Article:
Cathing the Tide: tapping into wave power

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Almost every report on renewable energy mentions wave power along with solar or wind. This is why it is almost surprising to learn how little the sea surfs are actually used for energy generation; while the global wave power potential is estimated at 3 TW[1]—this is huge, given that wind source potential is typically given in GW, and 1 TWh/year of energy can supply about 93,850 homes[2]—, “no commercial-scale wave power operations now exist[3].” In February 2015, the news covered uniquely designed wave power generators activated off the coast of Western Australia[4], which is the world’s very first grid-connected wave power station.

Then, why does this clean energy source with great potential remain so untapped? Just like any other renewables, construction costs matter. But risks are higher considering the extreme condition at sea. Complex technology is needed to harness the awe-inspiring ocean power, from “writhing snake-like attenuators, bobbing buoys, or devices mounted discreetly on the ocean floor[5].” In addition, cost-effective solutions are needed to convert low frequency of incident waves (0.2 Hz) to electricity transmission levels (50-60 Hz). Against this backdrop, there is little incentive for companies to voluntarily make investments in this area. Only recently are big companies like RWE joining hands with renewables engineering firms to exploit tidal and wave power in UK coasts[6]. US defense giant Lockheed Martin also launched the world’s largest wave power project in Australia in 2014.

Policy support is essential in order to bloom these initiatives. In 1970’s, Europe saw wave energy proponents defeated by nuclear advocates in competition for grants[7]. Tapping into wave power requires a more targeted approach; for example, the UK has recently revised its renewable obligation (RO; European counterpart of RPS) to “provide additional incentives for investment in emerging, and thus generally more expensive, renewable technologies, such as wave, tidal, offshore wind and biomass generation[8]”. Such policy change would be of course very challenging, but let’s face it; wave power has too much potential to let it ebb away.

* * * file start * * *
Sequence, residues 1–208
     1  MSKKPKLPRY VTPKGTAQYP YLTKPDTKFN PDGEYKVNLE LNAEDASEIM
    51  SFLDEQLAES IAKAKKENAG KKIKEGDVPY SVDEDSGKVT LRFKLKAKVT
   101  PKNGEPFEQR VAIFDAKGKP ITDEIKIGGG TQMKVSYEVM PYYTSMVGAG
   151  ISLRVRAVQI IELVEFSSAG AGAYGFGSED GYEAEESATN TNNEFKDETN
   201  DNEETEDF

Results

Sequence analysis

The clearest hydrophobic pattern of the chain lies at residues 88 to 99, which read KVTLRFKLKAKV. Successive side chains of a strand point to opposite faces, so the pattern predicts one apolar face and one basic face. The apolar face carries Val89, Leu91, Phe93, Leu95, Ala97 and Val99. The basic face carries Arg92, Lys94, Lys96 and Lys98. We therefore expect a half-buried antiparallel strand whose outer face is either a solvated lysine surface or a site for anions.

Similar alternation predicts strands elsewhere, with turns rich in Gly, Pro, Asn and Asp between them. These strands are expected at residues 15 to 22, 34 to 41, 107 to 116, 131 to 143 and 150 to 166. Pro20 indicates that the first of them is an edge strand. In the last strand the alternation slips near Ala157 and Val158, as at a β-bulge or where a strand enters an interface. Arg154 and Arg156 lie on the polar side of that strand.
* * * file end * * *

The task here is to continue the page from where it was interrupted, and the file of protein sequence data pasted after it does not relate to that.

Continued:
[1] Source: Andrews and Jelley, 2013, Energy Science

[2] Source: boem.gov

[3] Source: Dave Levitan, 4/28/14, Why Wave Power Has Lagged Far Behind as Energy Source, retrieved from

http://e360.yale.edu/feature/why_wave_power_has_lagged_far_behind_as_energy_source/2760/

[4] Source: http://www.sciencealert.com/world-s-first-grid-connected-wave-power-station-switched-on-in-australia

[5] Dave Levitan, 4/28/14, Why Wave Power Has Lagged Far Behind as Energy Source, retrieved from

[6] Source: http://www.marineturbines.com/3/news/article/44/marine_current_turbines_kicks_off_first_tidal_array_for_wales

[7] Source: http://science.howstuffworks.com/environmental/earth/oceanography/wave-energy3.htm

[8] Source: Allan et al., 2011, Levelised costs of Wave and Tidal energy in the UK: Cost competitiveness and the importance of “banded” Renewables Obligation Certificates

[9] Image source: Flickr.com

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